# What are examples of natural monopolies that don't have overwhelming economies of scale?

On wikipedia, I read that the currently-used formal definition of a natural monopoly is where “[a]n industry in which multi-firm production is more costly than production by a monopoly”.

I tried looking up things related to monopolies and subadditivity, but couldn't find anything that made it easy to understand.

To further quote wikipedia, "Baumol also noted that for a firm producing a single product, scale economies were a sufficient but not a necessary condition to prove subadditivity."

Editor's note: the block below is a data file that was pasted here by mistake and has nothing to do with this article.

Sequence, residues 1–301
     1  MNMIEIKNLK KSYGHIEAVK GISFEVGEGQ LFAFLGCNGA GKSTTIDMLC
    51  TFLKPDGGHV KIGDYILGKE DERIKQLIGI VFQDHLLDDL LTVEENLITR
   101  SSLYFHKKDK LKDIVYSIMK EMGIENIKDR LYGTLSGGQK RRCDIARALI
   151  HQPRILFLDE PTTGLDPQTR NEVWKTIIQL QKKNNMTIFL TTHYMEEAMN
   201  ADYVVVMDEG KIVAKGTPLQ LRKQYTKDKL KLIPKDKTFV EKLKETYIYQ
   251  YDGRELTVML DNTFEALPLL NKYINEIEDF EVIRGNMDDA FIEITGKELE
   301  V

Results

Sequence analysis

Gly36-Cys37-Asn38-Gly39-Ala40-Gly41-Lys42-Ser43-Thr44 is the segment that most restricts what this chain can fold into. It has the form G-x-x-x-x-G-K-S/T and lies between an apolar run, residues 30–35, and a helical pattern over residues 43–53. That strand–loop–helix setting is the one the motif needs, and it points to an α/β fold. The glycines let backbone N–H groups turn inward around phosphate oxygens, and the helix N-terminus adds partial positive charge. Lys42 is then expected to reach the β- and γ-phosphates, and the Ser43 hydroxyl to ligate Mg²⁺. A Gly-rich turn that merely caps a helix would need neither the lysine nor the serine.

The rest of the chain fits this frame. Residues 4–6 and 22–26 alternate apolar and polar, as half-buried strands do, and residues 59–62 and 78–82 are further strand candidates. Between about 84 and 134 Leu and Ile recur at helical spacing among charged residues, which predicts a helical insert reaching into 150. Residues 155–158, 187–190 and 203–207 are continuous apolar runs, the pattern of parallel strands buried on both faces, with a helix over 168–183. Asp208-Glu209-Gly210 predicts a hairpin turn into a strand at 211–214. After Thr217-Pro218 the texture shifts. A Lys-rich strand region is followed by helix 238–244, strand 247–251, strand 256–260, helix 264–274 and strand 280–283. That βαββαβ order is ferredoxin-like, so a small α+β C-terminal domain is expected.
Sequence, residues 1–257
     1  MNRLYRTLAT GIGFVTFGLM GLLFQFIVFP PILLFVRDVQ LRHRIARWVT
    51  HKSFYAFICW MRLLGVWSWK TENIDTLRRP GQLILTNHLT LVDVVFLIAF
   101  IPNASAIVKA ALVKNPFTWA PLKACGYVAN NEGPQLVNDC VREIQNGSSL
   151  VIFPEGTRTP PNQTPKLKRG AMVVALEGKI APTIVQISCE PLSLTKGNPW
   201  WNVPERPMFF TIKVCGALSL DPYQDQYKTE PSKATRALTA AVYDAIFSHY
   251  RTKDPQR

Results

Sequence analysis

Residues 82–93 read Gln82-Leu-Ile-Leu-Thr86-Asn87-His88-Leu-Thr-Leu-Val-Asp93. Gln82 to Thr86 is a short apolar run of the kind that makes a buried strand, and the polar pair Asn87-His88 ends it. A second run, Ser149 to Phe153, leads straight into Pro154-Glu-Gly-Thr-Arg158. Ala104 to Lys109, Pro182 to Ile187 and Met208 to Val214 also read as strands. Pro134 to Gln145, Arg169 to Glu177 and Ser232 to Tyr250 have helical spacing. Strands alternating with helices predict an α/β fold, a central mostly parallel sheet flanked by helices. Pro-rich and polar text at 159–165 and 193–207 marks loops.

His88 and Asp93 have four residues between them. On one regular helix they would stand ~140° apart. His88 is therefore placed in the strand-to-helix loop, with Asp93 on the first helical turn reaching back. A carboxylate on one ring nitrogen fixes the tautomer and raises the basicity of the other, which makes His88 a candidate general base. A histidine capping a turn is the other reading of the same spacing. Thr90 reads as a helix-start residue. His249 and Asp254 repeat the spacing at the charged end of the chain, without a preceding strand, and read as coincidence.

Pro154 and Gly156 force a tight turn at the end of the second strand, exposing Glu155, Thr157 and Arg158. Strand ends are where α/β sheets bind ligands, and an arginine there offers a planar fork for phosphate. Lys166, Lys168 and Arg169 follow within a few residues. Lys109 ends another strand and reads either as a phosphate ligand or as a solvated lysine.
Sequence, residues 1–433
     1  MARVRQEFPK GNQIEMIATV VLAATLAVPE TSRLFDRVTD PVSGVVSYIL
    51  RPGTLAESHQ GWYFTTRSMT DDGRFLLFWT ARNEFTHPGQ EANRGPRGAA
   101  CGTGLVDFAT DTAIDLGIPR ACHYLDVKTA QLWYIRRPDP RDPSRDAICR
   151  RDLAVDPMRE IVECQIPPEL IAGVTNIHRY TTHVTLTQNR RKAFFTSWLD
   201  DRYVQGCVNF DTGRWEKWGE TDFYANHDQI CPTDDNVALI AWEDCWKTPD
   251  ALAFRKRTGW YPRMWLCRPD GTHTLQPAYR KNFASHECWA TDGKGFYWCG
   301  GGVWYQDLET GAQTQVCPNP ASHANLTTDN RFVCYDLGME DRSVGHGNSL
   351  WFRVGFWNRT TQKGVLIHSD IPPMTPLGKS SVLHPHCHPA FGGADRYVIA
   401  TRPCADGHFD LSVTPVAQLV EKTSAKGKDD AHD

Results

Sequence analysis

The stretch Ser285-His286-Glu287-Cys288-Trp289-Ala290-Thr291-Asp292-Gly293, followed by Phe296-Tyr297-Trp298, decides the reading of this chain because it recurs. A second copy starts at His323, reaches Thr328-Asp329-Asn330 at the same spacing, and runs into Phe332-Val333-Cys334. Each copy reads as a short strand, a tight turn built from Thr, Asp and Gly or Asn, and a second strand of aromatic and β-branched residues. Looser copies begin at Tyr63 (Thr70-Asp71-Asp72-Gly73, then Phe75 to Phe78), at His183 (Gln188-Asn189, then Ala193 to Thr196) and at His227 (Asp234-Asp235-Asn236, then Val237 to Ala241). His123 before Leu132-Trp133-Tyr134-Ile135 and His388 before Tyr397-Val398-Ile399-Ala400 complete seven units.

Note that in the above quote, I'm almost certain the "scale economies" they're talking about are cases where the optimum scale is large enough to serve the entire market.

So my question is, what is another set of conditions that don't involve "scale economies" that is a sufficient condition to prove subadditivity, and thus show that a situation is a natural monopoly?

• I think you really need to define what you mean by scale economies here. For example would the cost function: $C(y) = 1000 + y$ imply that there are decreasing returns to scale? What about $\hat{C}(y) = 1000 + y^{0.99}$? – Giskard Mar 14 '16 at 22:00
• @denesp I agree its vague, but it was a quote. I added a note after the quote explaining what I think it means. – B T Mar 14 '16 at 22:59